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9138 Views 13 Replies Latest reply: Jun 6, 2014 3:30 PM by jsimms435
jsimms435 Amateur 15 posts since
Aug 8, 2012
Currently Being Moderated

May 28, 2014 11:28 AM

10k training

I have been running for most of the last two years.  I just completed my second 10k in April with a time of 1:03.  I would love to break an hour.  I did that, but it was back in my 20's and I am now almost 47.

I try to run the 10k distance at least two times a week to try and get use to it.  So far, I get really worn out by the time I nearly get to 4 miles and then I walk some.   I just can't seem to do better where I can run the whole thing.  In April, I walked a lot of the 10k to complete it and it was a pretty hilly course.

 

Sometimes I feel like I am overdoing it and worry about injury since I was on the treadmill training up until fairly recently.  It is hilly in the part of NC where I live.  I figured if I was going to be in road races I had better start training outside.  What is the best way to build up your base?  Just keep going that distance until your body gets use to it?  I don't want to injure myself, but my next 10k is in a month and want to be ready and frustrated that I am still walking too much.

  • shipo Legend 496 posts since
    Aug 9, 2013
    Currently Being Moderated
    1. May 28, 2014 12:11 PM (in response to jsimms435)
    Re: 10k training

    The very best way to build your base, avoid injury, and improve your 10K (and 5K and half marathon) times is to slow down a bit and run further.

     

    Were it that I was coaching you, I would recommend the following:

    • Starting with your current level of conditioning, run 4 miles every other day at a comfortable pace.
    • After a couple of weeks bump your every-other-day mileage to 4.5 miles, and then a few weeks later, bump it to 5, and then 5.5 and then 6 (or 6.2 if you prefer).
    • Once you are comfortable with running 20+ miles per week on average, then you can start adding in either an extra day here and there (as in back-to-back days) or some longer weekend runs upwards of 10+ miles.
    • Once you're running 25+ miles per week, you have two basic options, either to introduce some speed work or to extend your runs even further.  I would advise the latter as it will aid in continuing to build your base, lower your race times, and keep your risk of injury as low as possible.  By this point you should be able to run a 10K in under an hour with relative ease.

     

    A few side comments:

    • Some folks believe they need to train fast to race fast; nothing could be further from the truth, errr, at least until one is knocking on the back door of the elite runners in their age group (which for you would be in the low 40 minute range).
    • Lots of Long Slow Distance (LSD) has been proven to be highly effective at improving race times at pretty much any distance; this is especially for us old farts trying to get back into shape (BTW, I'm 10 years older than you).
    • FWIW, I typically train in the 9:00-10:00 per mile pace range, and yet I'm able to run a 10K in the 45:00-47:00 range (depending upon the course), and just recently broke the 22:00 threshold in a 5K on a hilly course.




    Fat old man PRs:

    • 1-mile (point to point, gravity assist): 5:50
    • 2-mile: 13:49
    • 5K (gravity assist last mile): 21:31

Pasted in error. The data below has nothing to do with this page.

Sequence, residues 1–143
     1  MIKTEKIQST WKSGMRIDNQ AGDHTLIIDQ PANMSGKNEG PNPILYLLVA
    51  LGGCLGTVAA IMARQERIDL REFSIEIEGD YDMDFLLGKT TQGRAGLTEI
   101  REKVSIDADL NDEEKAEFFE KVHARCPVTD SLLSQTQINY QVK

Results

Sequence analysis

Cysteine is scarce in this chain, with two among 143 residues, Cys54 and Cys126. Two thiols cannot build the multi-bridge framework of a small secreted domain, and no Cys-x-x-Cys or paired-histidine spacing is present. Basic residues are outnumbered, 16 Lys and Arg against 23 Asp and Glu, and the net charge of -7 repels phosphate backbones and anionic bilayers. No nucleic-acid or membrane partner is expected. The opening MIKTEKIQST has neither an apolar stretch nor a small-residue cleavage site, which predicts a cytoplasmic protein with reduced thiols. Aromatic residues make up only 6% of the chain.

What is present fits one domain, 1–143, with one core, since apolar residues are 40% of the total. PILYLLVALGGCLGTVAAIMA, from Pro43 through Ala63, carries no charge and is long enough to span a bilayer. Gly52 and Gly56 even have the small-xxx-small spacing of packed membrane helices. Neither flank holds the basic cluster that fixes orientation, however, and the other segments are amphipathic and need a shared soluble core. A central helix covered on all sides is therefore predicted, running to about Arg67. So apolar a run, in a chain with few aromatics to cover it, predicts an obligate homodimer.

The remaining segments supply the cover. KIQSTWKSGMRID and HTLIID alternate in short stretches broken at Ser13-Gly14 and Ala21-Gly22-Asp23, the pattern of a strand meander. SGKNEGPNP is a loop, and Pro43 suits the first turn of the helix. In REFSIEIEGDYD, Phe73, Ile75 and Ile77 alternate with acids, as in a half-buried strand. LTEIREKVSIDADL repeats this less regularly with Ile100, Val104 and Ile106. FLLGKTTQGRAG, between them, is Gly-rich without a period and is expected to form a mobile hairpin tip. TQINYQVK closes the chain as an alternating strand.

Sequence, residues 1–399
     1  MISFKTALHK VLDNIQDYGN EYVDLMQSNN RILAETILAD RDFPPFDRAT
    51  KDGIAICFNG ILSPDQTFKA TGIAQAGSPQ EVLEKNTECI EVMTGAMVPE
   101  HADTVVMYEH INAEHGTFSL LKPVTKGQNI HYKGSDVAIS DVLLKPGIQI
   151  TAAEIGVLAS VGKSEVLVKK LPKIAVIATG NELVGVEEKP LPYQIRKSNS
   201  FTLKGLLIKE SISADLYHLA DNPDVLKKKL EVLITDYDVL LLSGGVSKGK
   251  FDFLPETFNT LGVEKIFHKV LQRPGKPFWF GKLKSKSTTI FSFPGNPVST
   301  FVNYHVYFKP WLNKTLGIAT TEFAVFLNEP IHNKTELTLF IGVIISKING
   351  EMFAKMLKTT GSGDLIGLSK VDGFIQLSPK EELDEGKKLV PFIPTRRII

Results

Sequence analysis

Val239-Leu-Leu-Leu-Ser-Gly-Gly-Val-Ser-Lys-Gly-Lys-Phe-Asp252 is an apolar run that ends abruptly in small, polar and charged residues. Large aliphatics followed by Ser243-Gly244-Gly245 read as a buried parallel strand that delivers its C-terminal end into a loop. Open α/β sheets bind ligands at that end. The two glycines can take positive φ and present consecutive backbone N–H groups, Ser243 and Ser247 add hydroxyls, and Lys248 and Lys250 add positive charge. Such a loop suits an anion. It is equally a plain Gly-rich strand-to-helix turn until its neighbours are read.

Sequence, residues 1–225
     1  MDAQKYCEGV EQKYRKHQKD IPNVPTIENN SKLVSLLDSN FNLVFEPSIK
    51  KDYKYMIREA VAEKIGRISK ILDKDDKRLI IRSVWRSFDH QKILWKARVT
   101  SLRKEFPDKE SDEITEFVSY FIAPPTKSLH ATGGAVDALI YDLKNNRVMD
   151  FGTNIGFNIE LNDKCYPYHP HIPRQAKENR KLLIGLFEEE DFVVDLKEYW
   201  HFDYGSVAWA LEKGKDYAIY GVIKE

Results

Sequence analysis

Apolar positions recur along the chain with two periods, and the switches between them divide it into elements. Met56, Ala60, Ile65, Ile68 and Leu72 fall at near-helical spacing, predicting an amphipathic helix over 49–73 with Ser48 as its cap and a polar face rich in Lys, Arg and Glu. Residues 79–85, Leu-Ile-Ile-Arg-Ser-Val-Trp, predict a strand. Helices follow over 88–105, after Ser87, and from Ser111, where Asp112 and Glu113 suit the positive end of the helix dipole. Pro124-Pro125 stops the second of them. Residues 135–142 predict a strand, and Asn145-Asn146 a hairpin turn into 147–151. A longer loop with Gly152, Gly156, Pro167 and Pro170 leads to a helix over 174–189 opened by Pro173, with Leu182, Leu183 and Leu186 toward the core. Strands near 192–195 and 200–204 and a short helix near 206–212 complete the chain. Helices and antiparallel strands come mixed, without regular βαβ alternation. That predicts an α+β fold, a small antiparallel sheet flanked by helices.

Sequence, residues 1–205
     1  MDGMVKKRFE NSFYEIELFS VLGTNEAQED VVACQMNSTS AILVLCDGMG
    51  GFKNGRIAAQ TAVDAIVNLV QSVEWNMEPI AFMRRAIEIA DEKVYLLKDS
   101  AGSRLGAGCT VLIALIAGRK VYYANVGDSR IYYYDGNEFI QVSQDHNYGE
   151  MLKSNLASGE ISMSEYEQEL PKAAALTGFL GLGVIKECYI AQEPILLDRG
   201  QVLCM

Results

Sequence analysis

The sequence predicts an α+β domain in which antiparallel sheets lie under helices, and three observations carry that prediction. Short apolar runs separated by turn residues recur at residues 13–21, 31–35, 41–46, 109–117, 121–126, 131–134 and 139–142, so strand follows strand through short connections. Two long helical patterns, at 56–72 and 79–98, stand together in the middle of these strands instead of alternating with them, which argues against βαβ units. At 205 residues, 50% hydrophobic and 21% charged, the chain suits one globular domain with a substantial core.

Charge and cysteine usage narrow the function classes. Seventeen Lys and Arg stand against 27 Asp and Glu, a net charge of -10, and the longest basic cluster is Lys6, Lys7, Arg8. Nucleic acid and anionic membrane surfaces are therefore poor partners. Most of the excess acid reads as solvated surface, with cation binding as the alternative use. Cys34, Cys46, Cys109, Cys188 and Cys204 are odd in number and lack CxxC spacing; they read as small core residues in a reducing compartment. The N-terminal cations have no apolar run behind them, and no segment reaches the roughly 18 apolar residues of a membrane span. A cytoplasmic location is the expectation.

• 5-Mile: 37:24
    • 10K (first 10K of my Half Marathon): 48:16
    • 10-Mile (first 10 miles of my Half Marathon): 1:17:40
    • Half Marathon: 1:42:13
  • hammer4321 Amateur 31 posts since
    Apr 3, 2013
    Currently Being Moderated
    2. May 28, 2014 1:34 PM (in response to jsimms435)
    Re: 10k training

    Still a beginner runner (quickly approaching 50 YO) and I can vouch for the suggestion to not just run short and hard.  First 10K I ran I took that approach, trained to get times down but didn't incorporate any runs longer than 10K and never went "slow".  Was very happy with my time of just over 53:30 but the last 8-10 minutes were real tough, and I also paid for it with a stress fracture.

     

    Been training for an HM and while my training pace is now more like 10:00 to 11:00 (or more on long runs) I don't feel like I'm beating myself up anywhere near as much.

  • crl8686 Legend 1,306 posts since
    Nov 11, 2007
    Currently Being Moderated
    3. Jun 1, 2014 6:05 PM (in response to jsimms435)
    10k training

    You mention it is hilly where you live. Instead of using the treadmill (at what I'd assume is low or no incline), how about instead running outside and using the hills as training tools. They are excellent for building leg strength (which equates to increased speed). You can also accommodate hills as part of a routine workout, if you run them at constant effort - slow down for the ascent and then speed up for the descent. There are lots of articles on the Web on maintaining good form and body position for both uphill and downhill.

     

    Also, if your race will have hills, you need to be training on them in order to do your best in the race. If you know where the hills are on the course, even better - you can plan for them and adjust your pace during the race as needed to accommodate them.





    2014 highlights...

    @ 5K: Angels Baseball Foundation 5K, Anaheim, CA, 24:15

    Friends of the Villa Park Library 5K, Villa Park, CA, 24:10

    Coronado Independence Day 5K, Coronado, CA, 24:36

    @ 10K: LA Chinatown Firecracker Run, Los Angeles, CA, 51:44

    Great Race of Agoura - Old Agoura 10K, Agoura Hills, CA, 50:31

    Fiesta Days Run, La Canada, CA, 50:29


  • shipo Legend 496 posts since
    Aug 9, 2013
    Currently Being Moderated
    4. Jun 1, 2014 6:56 PM (in response to crl8686)
    Re: 10k training

    crl8686 wrote:

     

    You can also accommodate hills as part of a routine workout, if you run them at constant effort - slow down for the ascent and then speed up for the descent.

    Funny thing about being "old", I'm 57, and doing hill work in training versus hills in races...

     

    Before I get to the above point I need to say this, I do 90+ percent of my training on one of two different trails, the first is a "Rail Trail" where it generally climbs roughly 100' per mile as I head east, and then works its way back downhill when I turn around, the second trail is a 9 mile loop which is pretty much a non-stop hill drill.